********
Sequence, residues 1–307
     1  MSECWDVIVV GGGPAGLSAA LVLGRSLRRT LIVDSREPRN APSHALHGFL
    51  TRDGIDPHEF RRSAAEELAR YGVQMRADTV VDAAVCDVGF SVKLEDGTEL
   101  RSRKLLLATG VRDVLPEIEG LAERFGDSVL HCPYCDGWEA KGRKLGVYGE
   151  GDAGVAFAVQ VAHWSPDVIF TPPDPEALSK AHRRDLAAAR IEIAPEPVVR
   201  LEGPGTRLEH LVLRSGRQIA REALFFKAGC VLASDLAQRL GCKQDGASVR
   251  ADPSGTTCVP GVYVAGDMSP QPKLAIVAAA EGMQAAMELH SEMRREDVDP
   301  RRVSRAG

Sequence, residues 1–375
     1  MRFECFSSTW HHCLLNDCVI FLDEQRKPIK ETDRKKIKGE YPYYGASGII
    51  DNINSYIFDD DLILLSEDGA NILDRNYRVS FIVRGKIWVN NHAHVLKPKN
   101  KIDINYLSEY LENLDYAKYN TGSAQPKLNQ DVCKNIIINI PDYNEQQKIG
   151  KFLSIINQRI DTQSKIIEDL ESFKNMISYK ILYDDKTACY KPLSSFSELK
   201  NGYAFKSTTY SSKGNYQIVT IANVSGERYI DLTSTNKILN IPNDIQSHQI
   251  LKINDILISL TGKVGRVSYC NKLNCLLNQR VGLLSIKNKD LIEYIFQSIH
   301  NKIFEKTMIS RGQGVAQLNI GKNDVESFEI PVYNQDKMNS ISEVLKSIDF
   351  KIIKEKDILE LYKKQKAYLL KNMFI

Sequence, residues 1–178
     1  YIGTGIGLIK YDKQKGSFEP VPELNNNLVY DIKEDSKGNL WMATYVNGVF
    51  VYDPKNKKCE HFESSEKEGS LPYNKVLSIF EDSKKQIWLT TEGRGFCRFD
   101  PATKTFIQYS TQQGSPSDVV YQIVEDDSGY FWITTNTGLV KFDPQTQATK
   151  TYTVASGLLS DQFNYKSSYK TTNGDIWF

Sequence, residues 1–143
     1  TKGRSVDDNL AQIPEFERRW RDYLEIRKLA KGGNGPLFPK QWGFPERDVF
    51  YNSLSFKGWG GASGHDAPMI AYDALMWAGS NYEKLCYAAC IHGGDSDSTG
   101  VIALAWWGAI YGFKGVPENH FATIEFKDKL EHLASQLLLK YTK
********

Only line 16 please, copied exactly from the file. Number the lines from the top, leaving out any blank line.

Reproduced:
   301  NKIFEKTMIS RGQGVAQLNI GKNDVESFEI PVYNQDKMNS ISEVLKSIDF